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Launching a game into the fledgling VR world might for some sound like a risk: become a pioneering early adopter or languish as an also-ran in a field of too few units? For Twisted Pixel Games and Chief Creative Officer Josh Bear it wasn’t an early-technology play as might be suggested by a resume that includes Gunslinger, an early support showcase for the fateful Kinect on Xbox 360.

“It wasn’t the intention to focus the studio around gaming technology,” says Bear, “but we got to see Project Natal — as Kinect was initially known — and Microsoft was incredibly excited about it, so we got to make Gunslinger.”

The studio, with several games under its belt over its ten-year tenure, had always wanted to make Wilson’s Heart, which is out now in VR. “We had an early prototype that we had called ‘The Hands Game’ working with a gamepad with a first-person narrative. It used your hands to pick up objects like guns, like a first-person shooter…but then when the Oculus guys showed us that technology, with its Touch controller, we were all like ‘oh man, this just makes sense for this game,’” explains Bear.

Changing the core technology was not a straightforward process, however. What had begun life as a PC game with first-person sensibilities now had to adapt its functions to fit a whole new ballgame. “We basically started over when we had VR,” says Bear, “we even had to reassess the black and white graphics aesthetic: Would it be weird in VR? Will it work or feel unreal to gamers?”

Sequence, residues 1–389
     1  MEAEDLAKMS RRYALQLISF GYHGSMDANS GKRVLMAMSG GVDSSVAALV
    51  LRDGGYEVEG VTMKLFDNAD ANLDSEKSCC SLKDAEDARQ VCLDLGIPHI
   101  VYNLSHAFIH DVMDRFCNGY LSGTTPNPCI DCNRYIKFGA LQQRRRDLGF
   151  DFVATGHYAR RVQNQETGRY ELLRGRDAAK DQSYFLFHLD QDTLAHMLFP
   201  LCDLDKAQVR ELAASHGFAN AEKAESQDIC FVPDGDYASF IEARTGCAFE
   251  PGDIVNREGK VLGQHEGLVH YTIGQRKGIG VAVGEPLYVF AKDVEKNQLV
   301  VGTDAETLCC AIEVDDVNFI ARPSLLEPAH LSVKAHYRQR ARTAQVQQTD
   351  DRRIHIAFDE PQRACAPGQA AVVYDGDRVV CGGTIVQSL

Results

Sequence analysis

“We had to do a lot of work with the controllers to make sure the hands felt good. They are so much a part of the game that we had to make sure they felt, acted, and looked cool,” he adds.

Above: The gameplay blends psychological horror with puzzles, and not many “gotcha” horror jump moments.

Questions and challenges will continue to be answered with work, ideas, and understanding the new paradigms as VR evolves. Fundamentals of the game experience are affected: how long is too long, how short is too short? Nobody will currently build a 100-hour VR game (yet) but length of the total experience is one of the challenges that Bear’s team had to grapple with.

“Some people took six hours, some eight, and we saw ten or 12. But we have to be cognizant of that because you’re going to want to get out of the helmet at some point no matter how much you like this stuff,” says Bear.

Do you feel dizzy?

Of course, one of VR’s major challenges impacting experiences at this stage of the technology’s development is motion sickness. One design change that was required in switching from PC to VR was handling locomotion. “We didn’t want players getting sick, but we wanted to keep people in it as much as possible. So, when you warp in the game and the screen goes black you can still hear Wilson breathing or his footsteps or sound effects to push you along,” says Bear, “so we had to think about everything very differently in VR.”

An early version of the game allowing players to walk around anywhere and go where they want — and, in fact, one of the most requested features emerging from players experiencing the game now — caused problems for people.